On Friday and Saturday, the 7th St. Theatre is showing a film you must see.
Truly, whether or not you’ve seen “Alien” before does not matter. It’s the chance to see one of the greatest horror (and sci-fi) movies of all time on a big screen and start your Halloween weekend off in the best possible way.
After his mostly unsuccessful work on a sci-fi comedy film “Dark Star,” writer Dan O’Bannon set out to write a story about a terrifying sci-fi monster instead, originally titled “Starbeast.” Produced as a result of 20th Century Fox wanting to deliver another sci-fi film soon after Star Wars, O’Bannon’s script of “Alien” was the only one they had on their desks at the time, and was originally planned to be a Roger Corman-esque B-grade horror movie.
However, the culmination of his work with then-burgeoning director Ridley Scott and creature design by the late artist H.R. Giger would spawn one of the most prolific sci-fi film franchises of all time — behind only “Star Wars” and “Star Trek.” As with most great films and great works of art, the essential creators of the film were all influenced by works that came before.
“I didn’t steal Alien from anybody. I stole it from everybody!” according to O’Bannon, who drew influence for his idea for the script from “Forbidden Planet” and a “The Thing from Another World,” as well as many others.
Director Ridley Scott envisioned it as “Texas Chainsaw Massacre” in space, with an aesthetic and style influenced by “2001: A Space Odyssey” and, of course, “Star Wars.” Scott went on to storyboard the film for more than three weeks, and upon seeing that he had a vision for the way the film would be shot, the production budget ballooned from $4.2 million to $8.4 million, with the intention to make an A-grade horror film. He succeeded exceptionally.
Although almost 40 years old, the film holds up to this day, with the narrow, lived-in hallways of the space freighter Nostromo still just as claustrophobic, and the Alien creature itself still the image of a walking nightmare factory. Upon showing Giger’s artwork to Ridley Scott, he and Dan O’Bannon were in agreement that Giger’s horrific designs and artwork inside his book, Necronomicon, had captured the design they wanted for the monster. If you want to see the original work of Giger’s that inspired the Alien creature, look up “Necronom IV” in Google.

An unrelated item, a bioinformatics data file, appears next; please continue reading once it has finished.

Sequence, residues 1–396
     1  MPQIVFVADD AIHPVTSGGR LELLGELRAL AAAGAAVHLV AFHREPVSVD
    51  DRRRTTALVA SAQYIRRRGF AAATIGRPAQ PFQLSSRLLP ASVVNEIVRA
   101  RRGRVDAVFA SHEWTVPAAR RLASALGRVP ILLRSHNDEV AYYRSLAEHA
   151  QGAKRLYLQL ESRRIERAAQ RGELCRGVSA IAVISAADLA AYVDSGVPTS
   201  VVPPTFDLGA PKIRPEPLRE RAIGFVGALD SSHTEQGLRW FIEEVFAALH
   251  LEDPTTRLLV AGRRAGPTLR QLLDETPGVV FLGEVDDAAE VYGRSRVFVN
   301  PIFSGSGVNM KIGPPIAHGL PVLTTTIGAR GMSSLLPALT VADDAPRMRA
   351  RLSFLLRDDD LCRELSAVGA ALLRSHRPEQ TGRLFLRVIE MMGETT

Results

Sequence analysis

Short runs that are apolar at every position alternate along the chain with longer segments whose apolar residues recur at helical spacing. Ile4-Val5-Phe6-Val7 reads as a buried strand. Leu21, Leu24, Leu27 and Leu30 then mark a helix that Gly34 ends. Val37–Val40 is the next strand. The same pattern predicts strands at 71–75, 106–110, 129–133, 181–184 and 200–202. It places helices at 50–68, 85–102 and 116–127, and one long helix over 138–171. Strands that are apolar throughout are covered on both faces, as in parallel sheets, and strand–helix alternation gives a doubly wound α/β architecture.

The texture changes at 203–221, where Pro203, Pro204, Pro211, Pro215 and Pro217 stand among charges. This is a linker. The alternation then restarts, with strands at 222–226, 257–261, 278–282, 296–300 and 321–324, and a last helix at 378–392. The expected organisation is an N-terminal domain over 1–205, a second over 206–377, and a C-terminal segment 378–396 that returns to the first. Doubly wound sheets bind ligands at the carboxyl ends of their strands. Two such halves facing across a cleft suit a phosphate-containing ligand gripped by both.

The “Alien” monster is the true star of the film, even with the movie having a superb cast in Sigourney Weaver, Ian Holm, John Hurt, Harry Dean Stanton and Tom Skerritt. Shot in a way that would make Hitchcock proud, the creature is always mired in shadow or with its organic, sinewy being blended in with the ship’s haunting construction. The quick peeks of the monster throughout are only enough to see its most frightening features — from its sleek and spider-like limbs dangling from above, or its fangs glistening in slime to reveal a second set behind them.
Like the embryo, a “facehugger” gestates into its victim, the burst of success “Alien” had once it hit theaters spawned three sequels from 20th Century Fox, and the sequel that came in 1986 — “Aliens” — is among the plethora of oh-so-awesome movies that the 1980s gave us.
Audiences were terrified of the film.
According to film editor Terry Rawlings, people screamed and ran out of the theater. Ushers fainted. People got sick, or went to the back of the theater just to be as far away from the screen as possible – but they couldn’t keep their eyes off the screen. If 1977 was the year that sci-fi enamored us with adventure and spectacle with “Star Wars,” 1979 was the year it terrified us with “Alien”.
In a culture that seems to be developing a heavier interest in nostalgia, possibly as a result in a day and age where the past looks just a tad brighter than the future, to see “Alien” this weekend would allow you to delve into a realm of horror from a better age of movies.
For $5 a ticket, the 7th Street is offering a chance to experience a nostalgic terror that is truly special — to let this incredible cinematic monster make a crawling return from a lost part of our imaginations, where it has always been waiting to remind us of its unthinkable horror.
Showings are at 7:30 pm Friday and Saturday at Hoquiam’s 7th St. Theatre.